Don't look for the networks to call time


Boy, that football off-season really flew by, didn't it?

Actually, football, or for that matter, any sport, never really goes away long enough for anyone to miss it these days. With free-agent signings, minicamps, hot stove talk and the rest, all the major sports have pretty much settled into 12-month-per-year operations.

Of course, it's certainly in the leagues' best interests to have you thinking about them all the time, and not just during the season and on game days. After all, those Cal Ripken T-shirts are just as attractive at Christmastime as they are in late July.

But increasingly, the Big Media are getting into the year-round act, too. It used to be only sports talk radio that trafficked in off-season programming, but the networks are joining in more and more (re: "NBA Inside Stuff" and the new "NFL 2Night" on ESPN2).

And they have billions and billions of reasons to do it. The rights fees for big-ticket sports have increased exponentially over the past few years, so much so that the networks have had to create additional programming to bring in advertisers who will help them recoup their outlays.

With four outlets (ABC, CBS, ESPN and Fox) on the hook to the NFL for nearly $18 billion over the next eight years, chances are that we'll see more and more football programming, like tomorrow's Hall of Fame Game (Channel 2, 7 p.m.) and the American Bowl (ESPN, 10 p.m.), in the not-too-distant future.

We can only hope the golden goose doesn't lay so many eggs as to kill interest. You can bet the networks and the leagues hope so, too.

Long's time

Fox has giddily announced the re-signing of football pre-game show analyst Howie Long to a five-year contract.

Long, who captured the 1996 sports Emmy award as best analyst -- the first studio guy to win the award -- is the last of the Fox crew to re-up with the network and will join James Brown, Terry Bradshaw and newly transplanted Cris Collinsworth back in the Hollywood studio.

Long has also signed a three-picture deal with 20th Century Fox films, having already appeared in "Broken Arrow," "Firestorm" and "That Thing You Do."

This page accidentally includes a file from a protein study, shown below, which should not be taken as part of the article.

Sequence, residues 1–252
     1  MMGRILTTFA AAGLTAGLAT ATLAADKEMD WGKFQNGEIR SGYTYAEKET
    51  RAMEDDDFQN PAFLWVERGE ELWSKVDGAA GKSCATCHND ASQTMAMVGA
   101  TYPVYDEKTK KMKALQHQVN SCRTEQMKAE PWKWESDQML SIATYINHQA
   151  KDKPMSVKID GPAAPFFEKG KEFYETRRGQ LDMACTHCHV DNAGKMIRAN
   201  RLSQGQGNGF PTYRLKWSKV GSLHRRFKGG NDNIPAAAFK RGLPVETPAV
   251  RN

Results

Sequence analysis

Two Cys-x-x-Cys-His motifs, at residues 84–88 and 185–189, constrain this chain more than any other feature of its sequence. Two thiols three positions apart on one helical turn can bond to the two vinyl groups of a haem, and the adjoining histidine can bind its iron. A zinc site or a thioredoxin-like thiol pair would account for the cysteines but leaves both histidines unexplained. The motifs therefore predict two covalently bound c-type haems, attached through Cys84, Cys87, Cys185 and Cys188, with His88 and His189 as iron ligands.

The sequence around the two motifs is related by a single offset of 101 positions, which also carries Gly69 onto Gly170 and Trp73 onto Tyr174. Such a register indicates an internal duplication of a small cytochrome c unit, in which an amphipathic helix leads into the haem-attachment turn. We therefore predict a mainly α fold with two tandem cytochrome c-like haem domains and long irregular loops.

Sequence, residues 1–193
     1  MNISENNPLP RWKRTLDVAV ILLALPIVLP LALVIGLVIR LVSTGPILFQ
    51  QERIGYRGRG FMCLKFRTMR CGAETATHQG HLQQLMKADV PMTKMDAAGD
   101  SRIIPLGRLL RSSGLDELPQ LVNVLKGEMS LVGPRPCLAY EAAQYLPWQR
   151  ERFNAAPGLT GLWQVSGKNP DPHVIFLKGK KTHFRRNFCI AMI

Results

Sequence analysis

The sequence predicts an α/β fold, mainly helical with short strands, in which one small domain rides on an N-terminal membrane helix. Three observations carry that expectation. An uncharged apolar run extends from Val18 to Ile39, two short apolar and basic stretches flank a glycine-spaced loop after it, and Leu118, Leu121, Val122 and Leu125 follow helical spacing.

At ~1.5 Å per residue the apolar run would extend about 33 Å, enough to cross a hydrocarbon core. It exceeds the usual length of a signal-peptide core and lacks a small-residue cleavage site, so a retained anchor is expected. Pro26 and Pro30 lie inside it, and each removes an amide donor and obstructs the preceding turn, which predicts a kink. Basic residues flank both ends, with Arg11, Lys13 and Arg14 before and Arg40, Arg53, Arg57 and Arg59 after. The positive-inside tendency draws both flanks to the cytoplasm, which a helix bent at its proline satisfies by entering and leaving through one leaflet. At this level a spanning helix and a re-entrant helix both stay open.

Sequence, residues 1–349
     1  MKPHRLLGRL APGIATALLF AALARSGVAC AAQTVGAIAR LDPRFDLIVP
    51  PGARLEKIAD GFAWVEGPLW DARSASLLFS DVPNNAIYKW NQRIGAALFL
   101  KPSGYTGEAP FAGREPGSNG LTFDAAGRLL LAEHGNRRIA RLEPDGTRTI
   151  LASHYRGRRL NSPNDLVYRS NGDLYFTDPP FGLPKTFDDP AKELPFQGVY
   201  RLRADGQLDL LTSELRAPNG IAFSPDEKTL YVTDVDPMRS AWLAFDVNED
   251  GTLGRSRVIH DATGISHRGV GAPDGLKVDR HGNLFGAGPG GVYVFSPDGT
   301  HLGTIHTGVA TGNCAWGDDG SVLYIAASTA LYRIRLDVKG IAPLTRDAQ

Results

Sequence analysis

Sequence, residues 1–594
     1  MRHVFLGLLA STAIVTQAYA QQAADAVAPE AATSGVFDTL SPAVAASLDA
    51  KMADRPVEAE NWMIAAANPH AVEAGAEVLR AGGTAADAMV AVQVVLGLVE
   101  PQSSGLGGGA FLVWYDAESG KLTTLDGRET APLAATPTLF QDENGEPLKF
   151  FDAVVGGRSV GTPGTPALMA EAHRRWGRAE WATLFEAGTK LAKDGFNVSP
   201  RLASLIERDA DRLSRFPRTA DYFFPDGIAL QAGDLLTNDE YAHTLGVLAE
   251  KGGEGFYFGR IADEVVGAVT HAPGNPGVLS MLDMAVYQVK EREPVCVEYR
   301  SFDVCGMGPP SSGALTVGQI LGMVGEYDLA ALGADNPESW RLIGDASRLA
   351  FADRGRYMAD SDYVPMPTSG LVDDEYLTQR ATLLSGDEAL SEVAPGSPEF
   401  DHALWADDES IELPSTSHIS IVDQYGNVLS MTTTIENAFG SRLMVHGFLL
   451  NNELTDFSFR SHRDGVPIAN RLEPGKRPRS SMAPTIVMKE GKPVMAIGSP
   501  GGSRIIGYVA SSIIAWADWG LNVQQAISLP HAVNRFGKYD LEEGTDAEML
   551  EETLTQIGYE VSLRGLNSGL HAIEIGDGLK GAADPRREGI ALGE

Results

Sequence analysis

At the movies

"BASEketball" the sport may not crack the public's consciousness, but the new film, which opens today around the area, is a laugh riot.

The movie stars Trey Parker and Matt Stone, the real-life creators the hit cartoon "South Park," as the fictitious creators of a new sport, combining baseball and basketball.

An A-list group of announcers, including Bob Costas, Al Michaels, Dan Patrick, Kenny Mayne, Tim McCarver, Jim Lampley and Pat O'Brien, have cameos in the raucous film that pokes fun at virtually every sporting cliche and social convention in search of a laugh.

The search is almost always successful, though you may be ashamed to tell friends you saw it. Parents of pre-high school students should be forewarned that the language and subject matter might be a bit much for youngsters, but everyone else will get a huge chuckle.

Around the dial

The Goodwill Games conclude this weekend, and Lampley, for one, may be glad for the rest. Not only is he host of TBS' prime-time coverage, but he is also calling the Goodwill boxing tournament (doesn't that seem like a misnomer) on HBO.

TBS' telecast airs tonight, tomorrow and Sunday nights at 8: 05, with HBO's coverage of the boxing finals going tomorrow at 11 p.m. CBS, meanwhile, goes on the air at 2 p.m. tomorrow and Sunday, but, barring a rainout of Sunday's Orioles-Royals game, Channel 13 will only have tomorrow's Games broadcast.

Speaking of baseball, Fox's game of choice is the Yankees-Mariners clash at 4 p.m. tomorrow (Channel 45), while our friends in Washington will get to see the Braves-Cardinals game at 1 p.m. on Channel 5.

The NASCAR crowd invades the Indianapolis Motor Speedway, the most hallowed American raceway, for tomorrow's Brickyard 400 on ABC (Channel 2) at 1 p.m., with an edited re-air Sunday at noon on ESPN.

Finally, in women's sports programming for the weekend, Se Ri Pak goes for her third major LPGA title of the year in the du Maurier Classic, airing today at 1 p.m., tomorrow at 1: 30 p.m. and Sunday at 2 p.m., all on ESPN.

The WNBA's defending-champion Houston Comets, with just one loss to date, defend their home court tomorrow against the Cleveland Rockers (Channel 11, 4 p.m.), the hapless Washington Mystics try to steal one against Los Angeles on Monday night (ESPN, 9) and the Sparks try to fend off Phoenix tonight at 9 on Lifetime.

Pub Date: 7/31/98

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